Reason #2:  I was out of the country for a week visiting family.
Reason #3:  2 words:  stomach flu.

It's all good when you're not throwing up. My mind is in overdrive and I can't paint fast enough. The high from having 2 A-MAZING art shows in a row has fueled the fire in the studio.

There's also the regular everyday stuff happening in my life like looking in the mirror to find I'm breaking out with small zits like a teenager. Or that my dog made a "mistake" again in the dining room. And let's not forget about forgetting about the boiling water on the stove for a cup of tea until you smell the coating of the pot burning and you spend the next 3 hours trying to get rid of the smell and you can't

So, YAY! As my step-daughter would say:  life is pretty RAD right now.

Friday, March 16, 2012

What makes YOU tick?

"Still Moment", acrylic+oil glazes on 36"x36" gallery wrap canvas
©2012 Cat Tesla
I've always been interested in how people tick. What makes them do the things they do, and how is it that they are who they are? People who reinvent themselves I find particularly fascinating. They shed the old - whatever wasn't working or didn't feel right - and create a new path, embracing the fresh and the unknown.  Then there are others who exude confidence. They have a positive aura that flows out of them - you can feel it. They're on top of their game.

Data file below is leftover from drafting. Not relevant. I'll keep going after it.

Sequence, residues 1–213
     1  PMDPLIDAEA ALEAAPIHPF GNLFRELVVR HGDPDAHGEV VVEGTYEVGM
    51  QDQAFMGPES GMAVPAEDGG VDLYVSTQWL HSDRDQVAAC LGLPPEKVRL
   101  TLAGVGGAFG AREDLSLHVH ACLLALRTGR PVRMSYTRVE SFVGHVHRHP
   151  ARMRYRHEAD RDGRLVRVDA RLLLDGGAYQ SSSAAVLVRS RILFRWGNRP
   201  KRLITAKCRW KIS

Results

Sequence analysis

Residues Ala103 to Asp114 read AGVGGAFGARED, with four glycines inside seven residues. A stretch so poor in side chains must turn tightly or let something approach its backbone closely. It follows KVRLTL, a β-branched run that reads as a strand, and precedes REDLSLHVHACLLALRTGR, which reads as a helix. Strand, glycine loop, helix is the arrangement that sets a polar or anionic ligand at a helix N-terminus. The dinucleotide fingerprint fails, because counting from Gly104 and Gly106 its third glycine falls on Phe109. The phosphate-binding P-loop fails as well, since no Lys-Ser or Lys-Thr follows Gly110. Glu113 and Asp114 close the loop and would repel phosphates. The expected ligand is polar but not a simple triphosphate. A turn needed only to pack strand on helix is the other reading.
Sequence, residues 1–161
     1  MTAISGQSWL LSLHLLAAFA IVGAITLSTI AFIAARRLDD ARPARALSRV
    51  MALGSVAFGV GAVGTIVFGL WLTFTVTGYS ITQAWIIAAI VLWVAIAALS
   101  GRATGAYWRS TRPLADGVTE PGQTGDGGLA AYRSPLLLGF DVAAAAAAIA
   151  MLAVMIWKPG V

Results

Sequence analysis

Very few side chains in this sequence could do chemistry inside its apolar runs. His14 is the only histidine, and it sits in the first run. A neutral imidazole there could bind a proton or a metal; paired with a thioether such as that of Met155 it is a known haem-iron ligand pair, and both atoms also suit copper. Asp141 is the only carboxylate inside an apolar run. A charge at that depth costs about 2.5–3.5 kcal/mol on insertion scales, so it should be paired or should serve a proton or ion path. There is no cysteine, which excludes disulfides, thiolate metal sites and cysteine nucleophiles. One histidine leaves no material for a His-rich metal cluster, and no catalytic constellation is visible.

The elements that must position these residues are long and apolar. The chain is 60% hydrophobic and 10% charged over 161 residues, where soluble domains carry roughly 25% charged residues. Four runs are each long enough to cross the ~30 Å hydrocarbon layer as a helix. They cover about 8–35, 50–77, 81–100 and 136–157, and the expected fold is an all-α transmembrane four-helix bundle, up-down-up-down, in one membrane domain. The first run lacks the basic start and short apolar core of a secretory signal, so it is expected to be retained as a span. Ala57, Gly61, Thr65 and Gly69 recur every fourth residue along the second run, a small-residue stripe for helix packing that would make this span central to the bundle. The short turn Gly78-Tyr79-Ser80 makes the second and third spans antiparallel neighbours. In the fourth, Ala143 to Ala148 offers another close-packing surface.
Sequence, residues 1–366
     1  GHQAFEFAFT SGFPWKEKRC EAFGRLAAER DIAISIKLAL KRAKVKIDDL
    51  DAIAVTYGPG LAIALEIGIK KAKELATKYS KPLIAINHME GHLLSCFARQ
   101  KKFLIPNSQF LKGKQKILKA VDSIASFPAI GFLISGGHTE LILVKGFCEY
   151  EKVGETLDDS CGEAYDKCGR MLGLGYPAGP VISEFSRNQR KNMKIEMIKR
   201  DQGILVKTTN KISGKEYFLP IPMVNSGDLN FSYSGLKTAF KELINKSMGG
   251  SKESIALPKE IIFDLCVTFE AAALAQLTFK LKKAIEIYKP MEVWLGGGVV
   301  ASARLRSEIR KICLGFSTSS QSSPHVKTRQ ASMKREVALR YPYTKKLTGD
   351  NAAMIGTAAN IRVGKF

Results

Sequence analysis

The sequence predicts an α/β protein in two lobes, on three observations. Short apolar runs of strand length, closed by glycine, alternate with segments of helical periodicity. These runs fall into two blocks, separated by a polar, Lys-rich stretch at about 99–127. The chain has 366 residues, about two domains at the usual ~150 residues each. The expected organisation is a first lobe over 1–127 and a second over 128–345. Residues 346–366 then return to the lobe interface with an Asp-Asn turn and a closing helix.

The past month has been busy for me with some great shows in southern Florida and Tennessee. Commissions have also been rolling in. One thing I know about myself is that I thrive on ideas and visions - - I'm constantly doing little sketches and thumbnails for new paintings. Ironically, this can get in the way of the immediate work at hand!  To that end, I've been working on mindfulness. As Pema Chodrin says 
"Cultivating mind’s inherent capacity to stay put is called mindfulness training. Mindfulness is like the rope that keeps the wild elephant from destroying everything in sight. The rope of mindfulness bring us back to our immediate experience: to our breath, to our walking, to the book in our hands."

Meditation has opened up a door for me in so many ways. It has helped me stay in the present moment and to really feel what's happening NOW. It lead me to something so simple during recent art shows:  I had a whole new appreciation for other artist's work and their journey. One artist - Kathy Wolfe - a photographer from Atlanta -  is changing gears, going for a softer, lighter vibe. Her photography is both artful from a design standpoint and also just plain beautiful. You want to reach out and touch the petals of the flowers in her work - you know they'll feel like velvet. Check out her new "Flora" works under "Porfolio" on her website. You can see that she's shedding layers and revealing something fresh and new. Stunning!